The Magazine

A League of His Own

How Woodrow Wilson lost the fight for the League of Nations

Jun 5, 2000, Vol. 5, No. 36 • By ALVIN S. FELZENBERG
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Woodrow Wilson

by Louis Auchincloss

Viking, 128 pp., $ 19.95

Louis Auchincloss -- the American master of nuance and subtlety who has penned the latest in Penguin's eclectic series of brief biographies -- concludes his study of the twenty-eighth president with the admission that there seem to have been "two Woodrow Wilsons."

One was the "sensible, sensitive man of many interests and activities who conscientiously viewed all sides of a question." The other was the "self-idealist who could hardly conceive, much less admit, that he could be wrong."

The first was the dynamic college president, writer, orator, governor of New Jersey, and president of the United States. This was the Wilson who reformed Princeton University's curriculum, enacted a progressive agenda in New Jersey, and guided through Congress the Federal Reserve and Clayton Anti-Trust acts. He was always ready to compromise on his means to achieve his ends, and many observers noticed that he was also capable of abandoning long-held principles in pursuit of ambition.

But the second Woodrow Wilson -- ah, that was the man who never compromised and often gave the impression that he alone had discerned the true will of the people or, indeed, of the Almighty. It was this second Wilson who suffered the major defeat of his presidency: the failure to bring the United States into the League of Nations.

The battle over the League of Nations pitted the first Democratic president in a generation against the Republican Senate stalwart Henry Cabot Lodge, every inch Wilson's equal in intellect and pigheadedness. Opposition to Wilson's League centered on the obligation the treaty placed on nations to act collectively. This Lodge saw as a weakening of the prerogative to declare war the Constitution grants solely to Congress. But Lodge's real grievance was against the treaty itself -- and against the man who proposed it. Far from being an isolationist, Lodge had often urged the United States to act on a world stage. He thought, however, that the treaty's guarantees gave too blatant an invitation to other nations to draw the United States into conflicts that were not of its making or in its interests. Convinced that he had a strong case, Lodge delighted at the opportunity to repay Wilson for years of perceived (and actual) slights.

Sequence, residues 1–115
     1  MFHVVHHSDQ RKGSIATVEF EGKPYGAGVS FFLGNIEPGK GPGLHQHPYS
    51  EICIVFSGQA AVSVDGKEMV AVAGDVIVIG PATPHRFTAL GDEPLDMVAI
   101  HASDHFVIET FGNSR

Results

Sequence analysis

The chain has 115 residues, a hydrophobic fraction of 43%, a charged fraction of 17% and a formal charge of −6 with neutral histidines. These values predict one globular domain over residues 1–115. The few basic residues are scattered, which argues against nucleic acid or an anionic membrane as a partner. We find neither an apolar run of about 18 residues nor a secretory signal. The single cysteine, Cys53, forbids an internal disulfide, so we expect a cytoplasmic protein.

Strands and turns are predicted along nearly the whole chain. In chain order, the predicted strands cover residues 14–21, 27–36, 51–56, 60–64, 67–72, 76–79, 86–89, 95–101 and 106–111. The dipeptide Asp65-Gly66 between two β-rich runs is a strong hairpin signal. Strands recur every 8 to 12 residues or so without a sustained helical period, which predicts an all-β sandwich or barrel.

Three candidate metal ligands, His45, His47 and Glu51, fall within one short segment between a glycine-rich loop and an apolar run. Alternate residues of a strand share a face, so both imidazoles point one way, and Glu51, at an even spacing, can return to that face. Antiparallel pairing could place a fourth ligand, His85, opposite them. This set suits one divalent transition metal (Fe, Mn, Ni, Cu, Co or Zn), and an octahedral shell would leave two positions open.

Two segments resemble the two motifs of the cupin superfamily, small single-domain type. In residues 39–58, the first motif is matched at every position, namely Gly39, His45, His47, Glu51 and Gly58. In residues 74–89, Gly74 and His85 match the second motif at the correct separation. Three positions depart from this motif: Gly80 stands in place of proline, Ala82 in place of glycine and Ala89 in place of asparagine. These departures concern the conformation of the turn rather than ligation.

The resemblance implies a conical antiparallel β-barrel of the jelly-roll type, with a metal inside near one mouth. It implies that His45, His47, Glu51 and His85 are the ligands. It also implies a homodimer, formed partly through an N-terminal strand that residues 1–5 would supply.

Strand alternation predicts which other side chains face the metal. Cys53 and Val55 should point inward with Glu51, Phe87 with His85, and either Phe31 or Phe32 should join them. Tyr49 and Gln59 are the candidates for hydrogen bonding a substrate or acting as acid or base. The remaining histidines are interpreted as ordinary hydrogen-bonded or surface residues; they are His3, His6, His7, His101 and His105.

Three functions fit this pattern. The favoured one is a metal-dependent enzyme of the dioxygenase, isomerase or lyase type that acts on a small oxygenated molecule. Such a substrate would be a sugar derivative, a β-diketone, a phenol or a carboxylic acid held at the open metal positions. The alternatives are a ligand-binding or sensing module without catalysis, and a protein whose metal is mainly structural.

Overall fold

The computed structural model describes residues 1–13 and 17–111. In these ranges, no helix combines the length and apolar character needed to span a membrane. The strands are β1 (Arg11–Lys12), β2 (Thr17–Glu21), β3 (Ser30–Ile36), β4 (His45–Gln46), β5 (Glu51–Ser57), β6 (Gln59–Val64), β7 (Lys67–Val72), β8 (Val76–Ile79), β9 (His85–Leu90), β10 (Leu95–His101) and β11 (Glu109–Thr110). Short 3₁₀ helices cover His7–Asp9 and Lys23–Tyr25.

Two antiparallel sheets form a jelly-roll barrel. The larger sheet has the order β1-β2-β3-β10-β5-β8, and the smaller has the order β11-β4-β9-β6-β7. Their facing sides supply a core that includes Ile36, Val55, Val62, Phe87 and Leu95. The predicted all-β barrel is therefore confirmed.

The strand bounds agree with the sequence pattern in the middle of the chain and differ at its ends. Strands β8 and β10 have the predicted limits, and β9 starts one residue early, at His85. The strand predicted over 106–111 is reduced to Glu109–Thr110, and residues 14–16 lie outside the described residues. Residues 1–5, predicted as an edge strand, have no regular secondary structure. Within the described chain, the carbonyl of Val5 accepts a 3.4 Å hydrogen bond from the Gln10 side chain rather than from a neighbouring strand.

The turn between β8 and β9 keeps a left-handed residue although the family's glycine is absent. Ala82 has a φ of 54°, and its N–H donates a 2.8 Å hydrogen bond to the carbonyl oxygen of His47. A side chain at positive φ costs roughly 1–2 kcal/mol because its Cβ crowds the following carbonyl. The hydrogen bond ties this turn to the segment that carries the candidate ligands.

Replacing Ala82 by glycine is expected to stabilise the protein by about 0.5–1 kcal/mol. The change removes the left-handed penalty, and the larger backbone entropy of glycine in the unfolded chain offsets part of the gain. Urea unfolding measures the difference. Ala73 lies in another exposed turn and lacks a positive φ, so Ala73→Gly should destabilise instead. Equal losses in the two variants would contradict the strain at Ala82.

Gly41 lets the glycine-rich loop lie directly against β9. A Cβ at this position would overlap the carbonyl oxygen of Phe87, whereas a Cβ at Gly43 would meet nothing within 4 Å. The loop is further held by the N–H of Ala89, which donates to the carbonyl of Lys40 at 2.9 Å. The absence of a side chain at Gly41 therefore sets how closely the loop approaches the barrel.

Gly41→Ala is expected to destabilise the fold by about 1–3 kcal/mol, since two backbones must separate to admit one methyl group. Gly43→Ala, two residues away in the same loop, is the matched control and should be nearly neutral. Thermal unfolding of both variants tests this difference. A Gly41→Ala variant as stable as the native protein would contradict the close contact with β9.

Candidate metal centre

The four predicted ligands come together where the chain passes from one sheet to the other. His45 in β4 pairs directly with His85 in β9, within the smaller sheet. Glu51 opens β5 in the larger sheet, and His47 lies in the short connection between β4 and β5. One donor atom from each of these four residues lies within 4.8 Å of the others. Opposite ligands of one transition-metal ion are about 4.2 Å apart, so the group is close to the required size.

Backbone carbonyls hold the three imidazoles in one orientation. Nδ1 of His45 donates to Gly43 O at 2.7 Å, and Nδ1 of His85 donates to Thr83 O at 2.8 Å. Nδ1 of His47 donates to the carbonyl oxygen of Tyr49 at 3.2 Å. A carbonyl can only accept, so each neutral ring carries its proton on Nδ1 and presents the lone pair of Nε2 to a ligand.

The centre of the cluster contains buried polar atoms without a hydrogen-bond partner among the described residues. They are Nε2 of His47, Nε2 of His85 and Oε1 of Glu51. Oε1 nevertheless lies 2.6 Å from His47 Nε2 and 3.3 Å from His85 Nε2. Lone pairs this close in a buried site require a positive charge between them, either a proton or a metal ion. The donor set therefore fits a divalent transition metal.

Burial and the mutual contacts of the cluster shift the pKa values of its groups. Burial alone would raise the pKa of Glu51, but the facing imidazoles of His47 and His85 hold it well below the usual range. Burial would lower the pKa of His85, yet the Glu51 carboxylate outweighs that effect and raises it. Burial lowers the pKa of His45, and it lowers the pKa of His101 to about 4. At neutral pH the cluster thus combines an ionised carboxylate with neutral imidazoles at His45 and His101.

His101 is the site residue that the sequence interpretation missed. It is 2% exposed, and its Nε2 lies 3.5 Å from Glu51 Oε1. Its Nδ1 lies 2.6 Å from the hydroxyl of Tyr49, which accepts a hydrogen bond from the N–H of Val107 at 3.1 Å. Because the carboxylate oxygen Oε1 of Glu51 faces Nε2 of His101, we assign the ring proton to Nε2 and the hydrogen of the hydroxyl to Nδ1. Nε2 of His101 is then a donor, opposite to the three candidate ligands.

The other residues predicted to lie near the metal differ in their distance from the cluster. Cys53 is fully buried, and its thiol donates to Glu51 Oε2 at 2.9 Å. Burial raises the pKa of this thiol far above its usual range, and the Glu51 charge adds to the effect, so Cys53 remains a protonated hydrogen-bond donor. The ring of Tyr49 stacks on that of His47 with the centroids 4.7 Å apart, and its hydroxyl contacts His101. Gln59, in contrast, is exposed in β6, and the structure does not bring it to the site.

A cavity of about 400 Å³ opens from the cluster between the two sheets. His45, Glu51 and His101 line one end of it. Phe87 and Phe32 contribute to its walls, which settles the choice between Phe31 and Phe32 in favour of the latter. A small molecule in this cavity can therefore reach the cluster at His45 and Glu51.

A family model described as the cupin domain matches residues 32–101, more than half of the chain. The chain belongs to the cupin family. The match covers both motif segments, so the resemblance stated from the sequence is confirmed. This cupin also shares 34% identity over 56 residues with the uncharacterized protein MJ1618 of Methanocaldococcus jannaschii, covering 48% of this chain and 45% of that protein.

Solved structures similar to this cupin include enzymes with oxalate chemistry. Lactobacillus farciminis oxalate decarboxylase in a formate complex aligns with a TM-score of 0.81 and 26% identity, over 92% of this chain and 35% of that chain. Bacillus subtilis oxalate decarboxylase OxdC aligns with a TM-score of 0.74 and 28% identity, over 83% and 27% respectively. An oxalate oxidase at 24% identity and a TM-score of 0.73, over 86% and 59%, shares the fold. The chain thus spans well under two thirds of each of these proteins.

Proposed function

As Auchincloss admits, Wilson did himself no favors defending the League. The crafty Lodge knew that "reservations" (unlike amendments) do not require that a treaty be renegotiated, and Wilson's failure to acknowledge the distinction helped undermine his case. So, too, Wilson's rhetoric suggested that he would use force to advance universal principles: making the world "safe for democracy," the "self-determination" of all peoples, and "open covenants openly arrived at." His claim of deference to the prerogatives of Congress notwithstanding, Wilson insisted that the treaty carried a "moral obligation" superior to any mere legal or constitutional one. When he noted that all treaties cost their signatories some measure of sovereignty in exchange for benefits negotiated, Lodge could hardly have made the point better.

Auchincloss's slender volume serves as a reminder that the dichotomy between Wilson and Lodge was not always as pronounced as either pretended. Unlike many Marxist or leftist biographers, Auchincloss presents the Wilson of 1914 to 1917 not as an anglophile eager to enter World War I, but as a neutral determined to stay out: "Where is any longer the glory commensurate with the sacrifice of millions required by modern warfare to carry and defend Verdun?" the president who said his nation was "too proud to fight" asked in 1915. Wilson's determination not to go to war was intense enough that Lodge speculated the president was pro-German, pointing to Wilson's admiration for German education and his son-in-law's business interests with the investment bank Kuhn Loeb. (Most other accounts see the president as influenced by the pro-British Colonel Edward House, the ambassador Walter Hines Page, and the Morgan merchant bankers.)

When he did at last decide to fight, Wilson acted not to further an abstraction, but -- as Lodge himself urged -- to preserve a specific national interest, the freedom of the seas. And once in the conflict, the reluctant warrior worked relentlessly to achieve victory. He oversaw the recruitment, training, and placement of more than a million men in France and drove the nation to unprecedented levels of production to back them up. It was only toward the end, when attention turned to peacemaking, that the "second" Wilson took over and all his troubles began.